In August, I nominated 2L Erika Gustin for PSJD’s prestigious pro bono publico award for her work establishing Notre Dame’s Exoneration Project and I am proud to announce that she has been named one of eight finalists for the award! The pro bono publico award recognizes the significant contributions that law students make to underserved populations, the public interest community, and legal education by performing pro bono work.
Erika’s work with the Exoneration Project is a wonderful tale of the entrepreneurial spirit and thinking outside of the box while in law school.
Erika is the Vice President of the Exoneration Project, a student-run organization with a two-prong mission. First, to educate students on the need for reform in the criminal law system. Second, to provide opportunities for students to work on real exoneration cases under the supervision of licensed attorneys. Erika’s focus is on the second prong.
Erika’s Work with the Exoneration Project
Alongside five other students, Erika worked through the administrative hurdles that go into reactivating a student organization. The Project was initially reactivated by founding members Krystal Alvarez (’17), Jamie Kang (’18), Zach Kaplan (’18), Tia Paulette (’18), and Ishpal Sidhu (’18). After getting the club back on its feet, several of them were elected to serve on the new Executive Board, including Board alumni Krystal Alvarez and Ishpal Sidhu. Tia Paulette serves as the current President, Jamie Kang and Cameasha Turner (’19) as co-secretaries, and Michael Pearson (’19) as Treasurer. Erika is the Vice President. But the team always felt that roles were more important than titles. They work as a cohesive unit, sharing responsibilities and making sure everyone’s heads stay above water. Erika credits her team as the glue that holds the club together, giving her the privilege of pursuing the opportunity to bring casework to Notre Dame law students.
Erika’s mission was to build a casework pipeline for Exoneration Project members—a way for them to work on real exoneration cases while still in law school because cases are the lifeblood of wrongful conviction work. Though the Exoneration Project can host speakers and raise awareness on criminal reform, it is providing the opportunity for students to work on pro bono that sets them apart.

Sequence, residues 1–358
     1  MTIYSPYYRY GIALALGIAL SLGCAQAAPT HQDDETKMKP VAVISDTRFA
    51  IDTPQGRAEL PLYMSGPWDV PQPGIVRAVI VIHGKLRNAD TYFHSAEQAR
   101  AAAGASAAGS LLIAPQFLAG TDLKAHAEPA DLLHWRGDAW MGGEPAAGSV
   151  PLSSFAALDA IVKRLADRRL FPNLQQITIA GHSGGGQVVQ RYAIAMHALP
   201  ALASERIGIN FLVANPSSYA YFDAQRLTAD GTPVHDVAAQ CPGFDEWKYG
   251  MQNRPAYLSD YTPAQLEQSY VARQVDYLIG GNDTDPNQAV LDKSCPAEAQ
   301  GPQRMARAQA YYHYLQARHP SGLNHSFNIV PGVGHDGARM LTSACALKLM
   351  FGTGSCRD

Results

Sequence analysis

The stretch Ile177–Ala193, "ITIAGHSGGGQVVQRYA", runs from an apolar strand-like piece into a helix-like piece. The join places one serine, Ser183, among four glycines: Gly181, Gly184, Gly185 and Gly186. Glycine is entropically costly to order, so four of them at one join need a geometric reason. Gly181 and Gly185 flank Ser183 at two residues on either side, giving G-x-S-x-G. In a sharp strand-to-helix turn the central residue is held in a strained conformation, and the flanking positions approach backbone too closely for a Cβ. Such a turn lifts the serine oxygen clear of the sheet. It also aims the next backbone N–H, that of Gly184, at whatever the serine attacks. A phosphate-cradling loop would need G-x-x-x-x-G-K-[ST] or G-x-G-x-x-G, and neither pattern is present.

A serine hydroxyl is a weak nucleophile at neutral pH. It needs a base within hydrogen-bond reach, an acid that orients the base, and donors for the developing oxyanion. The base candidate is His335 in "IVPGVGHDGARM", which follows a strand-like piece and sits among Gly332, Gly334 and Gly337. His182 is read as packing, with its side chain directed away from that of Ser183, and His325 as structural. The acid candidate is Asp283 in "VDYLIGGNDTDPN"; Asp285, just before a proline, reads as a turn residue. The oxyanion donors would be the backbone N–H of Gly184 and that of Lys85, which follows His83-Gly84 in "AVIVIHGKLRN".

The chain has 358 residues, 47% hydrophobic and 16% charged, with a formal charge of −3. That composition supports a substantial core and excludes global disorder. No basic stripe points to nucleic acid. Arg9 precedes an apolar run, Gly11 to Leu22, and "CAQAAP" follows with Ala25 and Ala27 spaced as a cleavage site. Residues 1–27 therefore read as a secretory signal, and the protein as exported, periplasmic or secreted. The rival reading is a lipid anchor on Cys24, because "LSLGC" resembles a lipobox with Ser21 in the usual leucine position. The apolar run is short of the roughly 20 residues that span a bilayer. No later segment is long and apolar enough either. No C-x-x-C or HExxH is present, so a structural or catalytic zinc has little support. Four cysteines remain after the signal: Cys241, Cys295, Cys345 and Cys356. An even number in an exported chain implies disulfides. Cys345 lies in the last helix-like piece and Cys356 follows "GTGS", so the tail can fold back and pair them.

Erika and the Exoneration Project wanted to find a way to fight wrongful convictions in the local community. To achieve that goal, Erika began by networking with attorneys in the South Bend and Chicago areas. She received a lot of positive feedback, but hit a number of dead-ends. But she pressed on anyway, believing that this work would become a meaningful part of the Notre Dame Law experience.
Then, in early 2017, Erika and the Exoneration Project hit a breakthrough. In April, they hosted a speaker: a local exoneree from Elkhart, Indiana, Keith Cooper. He shared the story of his wrongful arrest and conviction. One morning, while walking home with groceries for his family, Mr. Cooper was arrested at gunpoint. He was brought in on charges of pursesnatching, and when that case fell apart, he was charged with homicide. He then spent eight years in prison. Through his post-conviction attorney’s investigatory work, Mr. Cooper’s name was eventually cleared; he received a full pardon. That day in April, Mr. Cooper spoke to a room full of students and faculty. It was standing-room only in Notre Dame’s largest lecture hall.
Hearing the honest story of a wrongfully convicted man moved students and faculty to tears. Mr. Cooper described the opportunity to address a room full of future attorneys as his “most validating experience” since his release from prison. He hopes that Exoneration Project members will be able to correct similar injustices and believes the Project will help “make our justice system work for everyone.”
After the event, Erika met with Mr. Cooper’s post-conviction attorney and created a partnership between their organizations. Now, Exoneration Project members can do meaningful pro bono work under Cooper’s team’s guidance. Erika not only helps with the cases herself, but she coordinates and manages the volunteers. The Exoneration Project currently has two new investigations that started over the summer of 2017. Both are wrongful homicide convictions. Erika built and assigned two teams of ten students to assist with the investigatory groundwork: interviewing witnesses, drafting affidavits, and preparing the petitions for post-conviction relief.
Though the Project is in the early stages of this partnership, the number of cases and volunteers will continue to grow. Additionally, during the Spring semester, the Project received their first letter from a local inmate. He asked them to help him research his claims, including ineffective assistance of counsel. Even though they received his letter only two short weeks before final exams, Erika secured the help of eight volunteers to research his claims and respond. Because of their efforts, the Project was able to send a response letter before the end of the semester. Some of those volunteers continue to work with the Project, and are now on teams for their new investigations.